FOR IMMEDIATE RELEASE
August 24, 2016
Lisa Gilbert, Public Citizen, firstname.lastname@example.org
Laurie Kinney, Alliance for Justice, email@example.com
Christine Hines, National Association of Consumer Advocates, firstname.lastname@example.org
Sarah Jones, American Association for Justice, email@example.com
Fair Arbitration Now Coalition Applauds Obama Administration for Restoring Rights of Government Contract Employees
Department of Labor, Federal Acquisition Regulatory Council release final regulations and guidance implementing the Fair Pay and Safe Workplaces Executive Order, which prevents certain federal government contractors from forcing their employees into arbitration
Washington, DC (August 24, 2016) – The Fair Arbitration Now coalition applauds the Obama Administration for today’s announcement of the final regulations and guidance implementing the Fair Pay and Safe Workplaces Executive Order, which will ensure that many corporations that accept taxpayer-funded government contracts cannot prevent employees from holding them accountable in court to answer for allegations of discrimination, sexual harassment, or sexual assault.
The Executive Order, signed by President Barack Obama in July 2014, prohibits federal government contractors with contracts of $1 million or more from requiring employees to have legal disputes decided in forced arbitration if the dispute arises under Title VII of the Civil Rights Act of 1964, or involves claims for sexual assault or sexual harassment.
For a number of years now, and with the blessing of a slim majority of the Supreme Court, corporations have been inserting forced arbitration clauses into the fine print of often non-negotiable contracts to strip workers of the right to hold them accountable in court if the company discriminates against them, violates equal pay laws, cheats them out of wages, or subjects them to unsafe working conditions. Forced arbitration does not provide important procedural guarantees of fairness and due process that are the hallmarks of courts of law.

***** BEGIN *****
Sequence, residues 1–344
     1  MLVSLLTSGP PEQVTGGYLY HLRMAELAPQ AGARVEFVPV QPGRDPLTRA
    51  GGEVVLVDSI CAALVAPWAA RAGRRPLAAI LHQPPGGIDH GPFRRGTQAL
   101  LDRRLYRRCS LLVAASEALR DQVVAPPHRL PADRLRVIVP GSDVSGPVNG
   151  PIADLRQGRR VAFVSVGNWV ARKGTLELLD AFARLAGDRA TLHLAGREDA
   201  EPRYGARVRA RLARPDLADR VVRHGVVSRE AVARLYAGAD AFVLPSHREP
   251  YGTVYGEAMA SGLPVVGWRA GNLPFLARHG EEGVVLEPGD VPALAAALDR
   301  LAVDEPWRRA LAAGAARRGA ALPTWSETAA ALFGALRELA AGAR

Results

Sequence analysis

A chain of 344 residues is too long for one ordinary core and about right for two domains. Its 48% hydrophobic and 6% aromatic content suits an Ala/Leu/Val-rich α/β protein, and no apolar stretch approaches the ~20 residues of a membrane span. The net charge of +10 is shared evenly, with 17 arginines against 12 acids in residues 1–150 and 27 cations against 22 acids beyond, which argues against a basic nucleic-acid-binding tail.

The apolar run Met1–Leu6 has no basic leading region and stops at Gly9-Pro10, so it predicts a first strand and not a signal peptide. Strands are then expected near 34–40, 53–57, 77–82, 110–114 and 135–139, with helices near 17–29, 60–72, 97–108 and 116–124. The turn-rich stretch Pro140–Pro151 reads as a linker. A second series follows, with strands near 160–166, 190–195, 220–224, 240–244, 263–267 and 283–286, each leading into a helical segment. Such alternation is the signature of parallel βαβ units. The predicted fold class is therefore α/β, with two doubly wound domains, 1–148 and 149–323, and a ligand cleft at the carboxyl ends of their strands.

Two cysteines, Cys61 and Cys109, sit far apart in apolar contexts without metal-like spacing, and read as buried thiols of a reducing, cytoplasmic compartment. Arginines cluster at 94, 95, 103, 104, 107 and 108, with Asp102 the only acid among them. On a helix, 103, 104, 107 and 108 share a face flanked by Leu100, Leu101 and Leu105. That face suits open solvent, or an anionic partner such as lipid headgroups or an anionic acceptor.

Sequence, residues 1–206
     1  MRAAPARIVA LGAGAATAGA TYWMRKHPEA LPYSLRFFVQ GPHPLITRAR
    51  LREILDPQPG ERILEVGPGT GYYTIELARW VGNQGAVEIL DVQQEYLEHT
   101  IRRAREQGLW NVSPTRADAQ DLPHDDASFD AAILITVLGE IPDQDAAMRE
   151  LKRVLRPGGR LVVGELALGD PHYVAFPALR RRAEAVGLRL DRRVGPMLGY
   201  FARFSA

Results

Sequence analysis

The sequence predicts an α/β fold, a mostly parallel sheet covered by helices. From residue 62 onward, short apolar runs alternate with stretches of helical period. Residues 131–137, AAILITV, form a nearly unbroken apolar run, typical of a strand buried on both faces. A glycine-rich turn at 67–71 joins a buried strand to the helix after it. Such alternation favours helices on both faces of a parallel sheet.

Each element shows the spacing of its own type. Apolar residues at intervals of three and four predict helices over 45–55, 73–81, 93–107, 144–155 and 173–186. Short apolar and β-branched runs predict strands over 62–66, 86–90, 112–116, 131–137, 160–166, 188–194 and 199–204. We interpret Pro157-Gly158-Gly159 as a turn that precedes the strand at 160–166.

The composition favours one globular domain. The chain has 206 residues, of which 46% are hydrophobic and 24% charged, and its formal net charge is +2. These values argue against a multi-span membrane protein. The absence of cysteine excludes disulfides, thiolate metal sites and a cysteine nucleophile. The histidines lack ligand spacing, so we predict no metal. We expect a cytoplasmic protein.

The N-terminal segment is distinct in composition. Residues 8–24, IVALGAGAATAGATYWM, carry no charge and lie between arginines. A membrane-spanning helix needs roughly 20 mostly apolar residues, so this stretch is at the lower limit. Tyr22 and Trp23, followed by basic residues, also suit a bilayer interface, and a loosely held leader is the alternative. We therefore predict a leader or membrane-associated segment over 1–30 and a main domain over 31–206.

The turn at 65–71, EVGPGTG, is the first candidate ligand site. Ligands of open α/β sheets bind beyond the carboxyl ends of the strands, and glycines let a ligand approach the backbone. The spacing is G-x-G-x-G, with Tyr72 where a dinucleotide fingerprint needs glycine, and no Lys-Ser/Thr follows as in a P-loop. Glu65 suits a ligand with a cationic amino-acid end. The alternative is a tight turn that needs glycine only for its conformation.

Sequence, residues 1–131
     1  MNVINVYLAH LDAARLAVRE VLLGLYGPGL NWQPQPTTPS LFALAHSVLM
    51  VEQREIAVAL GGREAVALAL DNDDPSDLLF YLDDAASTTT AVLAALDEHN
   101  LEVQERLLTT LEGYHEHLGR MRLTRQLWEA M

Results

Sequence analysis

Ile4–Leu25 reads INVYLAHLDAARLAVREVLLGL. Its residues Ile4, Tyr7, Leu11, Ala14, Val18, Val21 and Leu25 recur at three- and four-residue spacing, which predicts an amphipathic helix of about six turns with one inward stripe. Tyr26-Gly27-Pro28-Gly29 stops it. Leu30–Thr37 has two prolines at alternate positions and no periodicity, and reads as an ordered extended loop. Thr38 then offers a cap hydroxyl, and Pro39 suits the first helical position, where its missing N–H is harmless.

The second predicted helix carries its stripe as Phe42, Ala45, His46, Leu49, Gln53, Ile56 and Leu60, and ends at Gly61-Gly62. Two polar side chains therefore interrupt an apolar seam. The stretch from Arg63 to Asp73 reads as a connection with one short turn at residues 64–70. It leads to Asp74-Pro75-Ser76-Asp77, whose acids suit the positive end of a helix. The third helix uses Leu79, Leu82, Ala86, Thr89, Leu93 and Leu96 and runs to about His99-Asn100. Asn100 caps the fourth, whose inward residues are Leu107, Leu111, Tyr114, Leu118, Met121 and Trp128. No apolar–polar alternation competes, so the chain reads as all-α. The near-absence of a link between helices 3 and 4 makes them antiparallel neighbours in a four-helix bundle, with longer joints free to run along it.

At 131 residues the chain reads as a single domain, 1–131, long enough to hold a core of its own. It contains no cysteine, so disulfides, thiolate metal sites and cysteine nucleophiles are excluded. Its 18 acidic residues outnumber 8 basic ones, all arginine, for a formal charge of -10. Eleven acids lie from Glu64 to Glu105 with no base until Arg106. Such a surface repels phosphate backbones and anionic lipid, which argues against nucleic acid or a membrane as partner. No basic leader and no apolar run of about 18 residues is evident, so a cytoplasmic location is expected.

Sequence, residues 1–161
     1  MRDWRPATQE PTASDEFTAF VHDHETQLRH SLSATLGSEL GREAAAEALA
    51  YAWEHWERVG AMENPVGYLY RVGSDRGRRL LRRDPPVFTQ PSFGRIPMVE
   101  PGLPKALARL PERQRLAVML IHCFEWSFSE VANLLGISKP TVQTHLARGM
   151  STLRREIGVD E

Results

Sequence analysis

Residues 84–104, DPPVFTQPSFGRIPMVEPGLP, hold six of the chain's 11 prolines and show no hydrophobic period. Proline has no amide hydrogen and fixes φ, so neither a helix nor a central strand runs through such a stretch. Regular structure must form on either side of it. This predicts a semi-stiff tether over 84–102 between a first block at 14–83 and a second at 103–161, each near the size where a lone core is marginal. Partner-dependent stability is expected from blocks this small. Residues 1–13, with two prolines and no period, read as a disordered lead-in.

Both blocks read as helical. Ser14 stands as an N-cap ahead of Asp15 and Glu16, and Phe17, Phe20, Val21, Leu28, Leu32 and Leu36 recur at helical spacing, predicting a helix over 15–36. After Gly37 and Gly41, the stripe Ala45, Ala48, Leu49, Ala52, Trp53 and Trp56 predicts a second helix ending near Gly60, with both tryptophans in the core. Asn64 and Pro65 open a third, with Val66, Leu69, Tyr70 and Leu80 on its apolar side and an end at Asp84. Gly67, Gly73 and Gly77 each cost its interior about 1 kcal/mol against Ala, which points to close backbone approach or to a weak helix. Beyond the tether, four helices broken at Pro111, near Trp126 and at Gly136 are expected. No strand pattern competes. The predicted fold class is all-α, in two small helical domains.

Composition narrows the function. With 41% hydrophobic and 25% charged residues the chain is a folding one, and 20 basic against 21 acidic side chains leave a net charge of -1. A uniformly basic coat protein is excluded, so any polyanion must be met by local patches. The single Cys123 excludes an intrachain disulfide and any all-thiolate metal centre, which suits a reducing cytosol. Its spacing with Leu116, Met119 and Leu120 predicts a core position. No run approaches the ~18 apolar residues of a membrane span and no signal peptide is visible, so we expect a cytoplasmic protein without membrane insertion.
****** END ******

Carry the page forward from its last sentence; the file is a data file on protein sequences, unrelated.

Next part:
Additionally, forced arbitration is a completely secretive process where the public, the media, and government entities cannot uncover information about outcomes or the arbitrator’s reasoning when reaching a decision.
“We applaud the Obama Administration for following through on this critically important Executive Order,” said Lisa Gilbert, Director of Public Citizen’s Congress Watch division. “The issuance of these final regulations by the administration helps ensure that government contractors who receive significant taxpayer dollars cannot defy our nation’s anti-discrimination laws by hiding behind forced arbitration clauses.”
“We applaud the Department of Labor for its leadership in extending important protections to the employees of federal contractors,” said Nan Aron, President of Alliance for Justice. “It is unconscionable that companies seeking to do business with our federal government would deny employees their right to a day in court when pursuing civil rights and sexual harassment claims. Our government sets an example for private industry by banning forced arbitration in these cases. This action comes at the same time that the Consumer Financial Protection Bureau is weighing a rule to protect consumers from class action bans in forced arbitration clauses imposed by banks and other lenders. Forced arbitration is an unfair system that has been imposed on consumers and workers for far too long, and we are glad to see signs that the tide is turning against this practice.“
“In all instances, consumers and workers should retain their legal right to seek accountability in court when harmed by unfair or illegal corporate practices,” said Christine Hines, Legislative Director of the National Association of Consumer Advocates. “By restricting forced arbitration, the Obama Administration has taken a huge step forward for ordinary Americans by ensuring that employees of government contractors can seek justice in many cases when they’re wronged.”
“The American Association for Justice applauds this bold move to strengthen civil rights laws and ensure accountability for survivors of sexual assault and harassment,” said Julie Braman Kane, President of the American Association for Justice. “Corporations accepting taxpayer dollars will now have to play by the rules. We look forward to the full implementation of this important law.”